and cavitation
No lesions
Cavitation and necrosis Demyelination of the
left one and chiasma
from C5-T 11
with astrocytosis,
involving gray and
reactive gliosis, and
white matter
microcavitation
Enlarged walls of spinal
cord vessels
Cavitation and necrosis Demyelination of the
left one and chiasma
from C6-l.3
with astrocytosis,
involving gray and
reactive gliosis, and
white matter
microcavitation
Enlarged walls of spinal
cord vessels
Patient alive
Patient alive
Patient alive
Cavitation and necrosis Demyelination of the
left one with
from Cl-T5
astrocycosis, reactive
involving gray and
gliosis, and
white matter
microcavitation
Enlarged walls of spinal
cord vessels
is a distinctive clinicopathological entity, different from
MS. Our paper reports the largest original study of
Devic’s neuromyelitis optica based on clinical, laboratory, MRI, and pathological information to substantiate
OUT hypothesis. Inasmuch as the etiology of MS and
Devic’s neuromyelitis optica is not known, the distinction between thcse conditions needs to be established
on clinicopathological grounds at the present time.
More studies will be necessary to find the etiology of
Devic’s. In any case, the necrotizing nature of the myelopathy with involvement of large areas of the spinal
cord gray matter is a hallmark in Devic’s syndrome but
not in MS.
Pathologically, the contrast between MS and Devic’s
neuromyelitis optica is striking. In the former, scattered demarcated lesions (plaques) that vary greatly in
size, shape, and age are found in white matter areas
of the brain, brainstem, cerebellum, optic nerves, and
spinal cord 122). O n MRI, those plaques most likely
correspond with multiple areas of increased atten-
166 Annals of Neurology Vol 34 No 2 August 1993
uation coefficient in T2-weighted images. When lesions are acute, they enhance with Gd-DTPA. Often,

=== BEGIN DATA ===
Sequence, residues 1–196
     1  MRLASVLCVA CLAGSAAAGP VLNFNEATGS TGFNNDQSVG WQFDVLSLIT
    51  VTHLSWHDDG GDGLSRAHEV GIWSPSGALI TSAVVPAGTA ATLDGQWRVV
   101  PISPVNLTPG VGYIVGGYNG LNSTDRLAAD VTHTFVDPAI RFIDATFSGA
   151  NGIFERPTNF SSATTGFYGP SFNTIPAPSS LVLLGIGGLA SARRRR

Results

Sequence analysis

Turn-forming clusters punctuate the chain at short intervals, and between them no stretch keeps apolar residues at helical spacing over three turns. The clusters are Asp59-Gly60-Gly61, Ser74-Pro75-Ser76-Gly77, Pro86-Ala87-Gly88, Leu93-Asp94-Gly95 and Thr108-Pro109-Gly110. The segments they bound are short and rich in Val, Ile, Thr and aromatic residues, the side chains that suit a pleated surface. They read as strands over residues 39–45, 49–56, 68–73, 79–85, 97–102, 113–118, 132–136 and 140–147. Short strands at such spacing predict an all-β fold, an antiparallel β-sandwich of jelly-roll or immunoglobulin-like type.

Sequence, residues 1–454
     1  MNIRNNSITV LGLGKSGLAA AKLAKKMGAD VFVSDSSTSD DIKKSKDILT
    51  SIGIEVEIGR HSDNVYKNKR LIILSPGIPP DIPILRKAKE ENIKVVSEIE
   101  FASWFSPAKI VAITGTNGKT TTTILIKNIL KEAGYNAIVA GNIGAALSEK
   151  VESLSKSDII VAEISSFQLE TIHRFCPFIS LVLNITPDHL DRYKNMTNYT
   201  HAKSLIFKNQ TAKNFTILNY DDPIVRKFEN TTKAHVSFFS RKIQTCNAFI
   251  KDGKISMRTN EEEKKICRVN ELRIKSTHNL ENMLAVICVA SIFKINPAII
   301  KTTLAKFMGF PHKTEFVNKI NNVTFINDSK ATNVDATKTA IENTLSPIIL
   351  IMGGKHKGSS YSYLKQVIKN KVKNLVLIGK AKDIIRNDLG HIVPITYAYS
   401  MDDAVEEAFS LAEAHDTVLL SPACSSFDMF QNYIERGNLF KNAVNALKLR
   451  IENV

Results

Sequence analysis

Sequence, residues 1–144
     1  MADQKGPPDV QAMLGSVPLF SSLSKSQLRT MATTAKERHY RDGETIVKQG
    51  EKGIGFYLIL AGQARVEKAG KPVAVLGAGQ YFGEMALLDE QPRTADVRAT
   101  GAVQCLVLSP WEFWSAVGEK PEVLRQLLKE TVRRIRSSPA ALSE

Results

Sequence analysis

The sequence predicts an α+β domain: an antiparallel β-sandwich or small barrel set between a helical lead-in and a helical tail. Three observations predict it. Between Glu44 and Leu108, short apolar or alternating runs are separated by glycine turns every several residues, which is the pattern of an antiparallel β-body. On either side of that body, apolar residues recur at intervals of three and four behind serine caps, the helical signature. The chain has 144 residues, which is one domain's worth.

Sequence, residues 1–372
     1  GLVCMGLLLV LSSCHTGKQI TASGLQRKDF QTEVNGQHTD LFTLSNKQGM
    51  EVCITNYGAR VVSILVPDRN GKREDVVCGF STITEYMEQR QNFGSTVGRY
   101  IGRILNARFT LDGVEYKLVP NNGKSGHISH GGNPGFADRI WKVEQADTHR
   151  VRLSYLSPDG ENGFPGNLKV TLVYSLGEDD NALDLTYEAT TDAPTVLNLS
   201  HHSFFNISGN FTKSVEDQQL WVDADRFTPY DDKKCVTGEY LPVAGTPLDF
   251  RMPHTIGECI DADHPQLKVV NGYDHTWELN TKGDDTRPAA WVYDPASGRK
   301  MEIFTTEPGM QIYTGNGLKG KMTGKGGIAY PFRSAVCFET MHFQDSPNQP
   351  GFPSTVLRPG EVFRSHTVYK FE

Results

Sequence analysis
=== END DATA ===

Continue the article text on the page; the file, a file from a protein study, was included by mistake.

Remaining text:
plaques are adjacent to the ventricular system, especially at the lateral angles of the lateral ventricles. O n
the contrary, the necrotizing nature of the myelopathy
in Devic’s syndrome is most distinctive, as seen in our
pathological studies of 5 patients and others ClS, 19,
21). Cavitation and necrosis of large areas of both gray
and white matter always OCCLX. Furthermore, none
of our 5 patients showed evidence for white matter
plaques in the brain, brainstem, or cerebellum, areas
that are commonly affected in MS. The absence of
these plaques explains the normal appearance of head
MRIs in our patients, even after many years of disease.
Microscopically, the hallmark of the necrotic lesion
is the thickening of the blood vessel. It is possible that
acute edema within a nonstretching pial membrane
might be pathogenically important in the development
of spinal cord necrosis, but more studies are needed
in this respect. The lack of lymphocytic infiltration at
2. Inuging: Normal-appearing brain MRI; enlargement and cavitation on spinal cord MRI.
3. Cwebrupimz,?juid: Decreased serumlCSF albumin
ratio with normal CNS daily IgG synthesis and usually an absence of oligoclonal bands.
4. Puthology: Spinal cord necrosis and cavitation with
thickened vessel walls and absence of inflammatory
infiltrates; demyelination of optic nerves with or
without cavitation; no demyelinating lesions in the
brain, brainstem, or cerebellum.
Future prospective studies will have to take into consideration the spinal cord vessel ahnormality as putatively relevant in the development of Devic's necrotizing myelopathy. The involvement of the spinal cord
and optic nerve with preservation of other CNS structures remains puzzling. Effective therapy remains to be
established.
This work was supported in part by National Institutes of Health
grants R2') NS2'698. BRSG SO' RR 05583-24, and MBRS SO6
GMOX139 (to R. N. M.) and the Research Service, Deparrment of
Veterans Affairs (to L. E . D.).
We thank D r R. Murray (Rocky Mountain Multiple Sclerosis Center,
Inglewood, CX>) for having shared with us his case and D r Askiel
Ijruno for revising the manuscript.
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Fig 2. hlicroscopis pathology of the spinal cord. The sections
were stuined with hemto.yylin-eosin. Representative secti0n.r Patient I ) are JiJplayed. Findiings in aN 5 putients were t'irtua&
identic-a/.iA) Large areas of cmitaiion and nesrosir affect both
gray and white matter ut the C4-5 level. i x 40 bejore 52%
redui-tion.! Other segments d t the rertical, tharacis, and bmbar
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sma" and medium-size clesseLi with enlarged thick uuIhqb u no
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neuromyelitis, patients, optical, stud, devid, clinicopathologic